Chairman Phil Gamble tried to keep the process moving forward as the
appeal continued late into the evening. The meeting, slated for 20
minutes, lasted almost two hours.

Hammer began by separating legal and accounting distinctions. "They tried to blindly import IRS tax code into zoning law," Hammer said, citing a case from 1985, Appelbaum v. Deutsch, that ruled against applying federal tax law in zoning disputes.

The Ross School maintains the new fields fall under 'accessory use' in that they are 'customary, incidental or subordinate' to the primary use of education, a label the town has traditionally applied broadly, according to Hammer.

In a memo to the Building Department on March 5, 2008, Sharkey clarified his position, "If at any time, the athletic facilities at the Ross School are used by the public when school is in session, whether fees are incurred or not, it would then be considered a major recreational facility which would not be permitted in a residential zoning district," he asserted.

Major recreational facilities are private businesses by legal definition, and while the Ross School is private, it enjoys semi-public status under New York state law. Semi-public use describes private institutions with a "public character," Hammer clarified.

Schools "are not businesses, they are the worst businesses in the world," Biondo, a founding trustee of the Ross School and former president of the Montauk school board, countered. "From the beginning we sought to include the community and assist in general education." In his opinion the school is trying to serve the public good, not private business interests.

Attorney Andy Hammer tried to convince the Zoning Board the
Tennis Club had no standing. Hammer issued a motion to
dismiss the case outright.

And The Back Hand
The Ross School also filed a motion to dismiss the East Hampton Indoor Tennis Club's appeal, claiming they have no standing as an aggrieved party in this matter. Wanting to limit competition is not substantive grounds for an appeal.

Countering that assertion, Eagan pointed out any landowner in proximity to the lot in question has the right of appeal and should be granted standing before the board. East Hampton Indoor Tennis Club is presently in negotiations for purchase of a house adjacent to Ross School property to be used as a staff house. "Competitive interest does not qualify standing," Eagan admitted, "but it does not disqualify it either."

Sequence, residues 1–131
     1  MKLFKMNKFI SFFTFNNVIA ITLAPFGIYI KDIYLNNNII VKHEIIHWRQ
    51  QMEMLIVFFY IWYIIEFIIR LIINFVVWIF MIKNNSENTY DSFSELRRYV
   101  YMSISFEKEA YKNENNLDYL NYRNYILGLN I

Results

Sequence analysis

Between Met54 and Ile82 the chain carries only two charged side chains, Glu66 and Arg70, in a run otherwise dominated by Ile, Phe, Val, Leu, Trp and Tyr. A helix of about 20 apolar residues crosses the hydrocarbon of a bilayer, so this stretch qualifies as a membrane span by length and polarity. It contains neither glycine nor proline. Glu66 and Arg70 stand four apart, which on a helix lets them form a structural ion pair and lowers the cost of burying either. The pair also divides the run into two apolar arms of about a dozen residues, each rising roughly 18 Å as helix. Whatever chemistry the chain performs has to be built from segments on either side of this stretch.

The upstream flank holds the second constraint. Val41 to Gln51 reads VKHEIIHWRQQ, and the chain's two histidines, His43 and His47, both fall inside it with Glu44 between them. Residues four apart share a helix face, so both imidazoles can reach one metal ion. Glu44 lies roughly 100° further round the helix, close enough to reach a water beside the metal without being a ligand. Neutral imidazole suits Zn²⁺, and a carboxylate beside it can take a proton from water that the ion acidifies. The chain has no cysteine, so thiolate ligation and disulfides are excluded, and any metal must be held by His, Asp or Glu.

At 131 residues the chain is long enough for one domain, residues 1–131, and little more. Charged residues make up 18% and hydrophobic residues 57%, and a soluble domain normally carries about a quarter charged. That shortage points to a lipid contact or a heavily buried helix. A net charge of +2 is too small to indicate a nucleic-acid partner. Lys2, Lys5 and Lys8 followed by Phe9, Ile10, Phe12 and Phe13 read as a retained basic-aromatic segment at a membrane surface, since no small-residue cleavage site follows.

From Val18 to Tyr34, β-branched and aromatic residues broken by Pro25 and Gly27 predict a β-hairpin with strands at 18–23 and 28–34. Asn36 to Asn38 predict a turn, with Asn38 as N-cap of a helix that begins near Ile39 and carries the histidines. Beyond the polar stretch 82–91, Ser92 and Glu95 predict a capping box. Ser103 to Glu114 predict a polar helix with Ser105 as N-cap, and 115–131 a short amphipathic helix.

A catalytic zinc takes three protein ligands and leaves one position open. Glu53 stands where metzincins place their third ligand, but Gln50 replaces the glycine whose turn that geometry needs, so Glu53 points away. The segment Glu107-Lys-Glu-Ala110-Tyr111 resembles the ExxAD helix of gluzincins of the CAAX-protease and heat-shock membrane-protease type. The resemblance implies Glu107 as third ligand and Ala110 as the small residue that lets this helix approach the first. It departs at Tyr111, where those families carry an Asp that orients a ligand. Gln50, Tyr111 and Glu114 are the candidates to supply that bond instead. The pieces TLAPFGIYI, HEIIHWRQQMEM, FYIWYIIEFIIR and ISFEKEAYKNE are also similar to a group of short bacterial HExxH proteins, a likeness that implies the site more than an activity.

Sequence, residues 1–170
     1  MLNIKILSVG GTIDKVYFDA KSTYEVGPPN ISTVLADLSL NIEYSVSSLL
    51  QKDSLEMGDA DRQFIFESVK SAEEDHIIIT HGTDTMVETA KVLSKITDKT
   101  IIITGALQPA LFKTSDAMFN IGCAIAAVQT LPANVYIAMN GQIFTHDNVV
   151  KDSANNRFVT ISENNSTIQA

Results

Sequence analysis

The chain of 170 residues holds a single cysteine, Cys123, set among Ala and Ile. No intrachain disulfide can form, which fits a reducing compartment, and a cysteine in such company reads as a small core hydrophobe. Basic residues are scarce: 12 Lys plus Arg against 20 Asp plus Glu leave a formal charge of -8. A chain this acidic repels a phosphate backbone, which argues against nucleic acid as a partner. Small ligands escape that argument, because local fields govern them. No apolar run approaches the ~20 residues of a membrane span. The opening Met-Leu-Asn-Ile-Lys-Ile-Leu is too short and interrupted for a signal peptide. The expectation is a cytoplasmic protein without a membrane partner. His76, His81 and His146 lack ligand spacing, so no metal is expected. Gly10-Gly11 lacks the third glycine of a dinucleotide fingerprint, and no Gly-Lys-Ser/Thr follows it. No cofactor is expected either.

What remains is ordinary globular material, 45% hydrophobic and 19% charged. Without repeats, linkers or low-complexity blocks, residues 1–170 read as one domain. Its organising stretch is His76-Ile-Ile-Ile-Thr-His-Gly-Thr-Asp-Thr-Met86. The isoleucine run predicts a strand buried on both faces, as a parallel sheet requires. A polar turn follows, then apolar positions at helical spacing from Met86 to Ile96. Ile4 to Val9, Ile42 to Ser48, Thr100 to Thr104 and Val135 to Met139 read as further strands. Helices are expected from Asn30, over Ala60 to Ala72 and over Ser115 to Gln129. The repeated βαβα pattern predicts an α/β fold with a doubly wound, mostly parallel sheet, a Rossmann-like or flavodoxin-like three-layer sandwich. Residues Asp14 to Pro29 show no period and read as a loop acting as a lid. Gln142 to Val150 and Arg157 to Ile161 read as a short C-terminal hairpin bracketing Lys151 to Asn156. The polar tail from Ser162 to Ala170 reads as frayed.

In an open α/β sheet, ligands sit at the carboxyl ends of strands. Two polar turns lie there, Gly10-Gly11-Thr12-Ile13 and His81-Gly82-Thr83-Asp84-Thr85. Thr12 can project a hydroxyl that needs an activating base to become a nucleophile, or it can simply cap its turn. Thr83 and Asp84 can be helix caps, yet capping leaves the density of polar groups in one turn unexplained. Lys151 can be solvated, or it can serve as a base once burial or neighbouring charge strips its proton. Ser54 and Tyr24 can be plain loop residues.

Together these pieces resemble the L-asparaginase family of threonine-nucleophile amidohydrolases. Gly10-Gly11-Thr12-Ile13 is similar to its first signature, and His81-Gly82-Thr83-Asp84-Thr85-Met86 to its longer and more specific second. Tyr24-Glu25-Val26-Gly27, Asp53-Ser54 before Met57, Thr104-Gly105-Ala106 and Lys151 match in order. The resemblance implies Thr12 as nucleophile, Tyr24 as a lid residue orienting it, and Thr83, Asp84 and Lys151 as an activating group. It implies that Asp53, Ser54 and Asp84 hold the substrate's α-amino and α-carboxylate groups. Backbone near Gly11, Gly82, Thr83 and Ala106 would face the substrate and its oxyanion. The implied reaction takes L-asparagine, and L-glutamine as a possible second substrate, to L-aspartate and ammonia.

According to Hammer, Rubenstein sought to purchase the house on March 20, 2008 in an effort to stop the Ross School expansion. The school had submitted an expansion plan to the town a month earlier. Rubenstein denies any impropriety, citing his plans beginning in November 2007 to add an ice rink and bowling alley to the Tennis Club compound. "We have four staff houses now," Rubenstein said. "You can't do anything around here if you can't house your staff."

The Zoning Board of Appeals granted the Ross School attorney's request for a two-week grace period to review and respond to a memorandum submitted by East Hampton Indoor Tennis and another two weeks for their attorney to respond in kind. In a month's time the board will reconvene to make a determination.

If the board decides in the school's favor "we'll end up in Riverhead Supreme Court," Eagan cautioned. The new fields and courts "will be great for the kids," Rubenstein admitted, "but they should not be able to sell tennis time."

The new fields will be made available to the community at large for a fee.






Related Articles:

Guest (John Crandall) from East Hampton says::
More competition is good for tennis in east hampton. period.
Feb 12, 2011 3:44 am

Guest (scott rubenstein) from east hampton,ny says::
thank you again for taking the time to track me down and to write an article that was clear and accurate as to both of our positions on this issue.
Jun 26, 2008 2:29 pm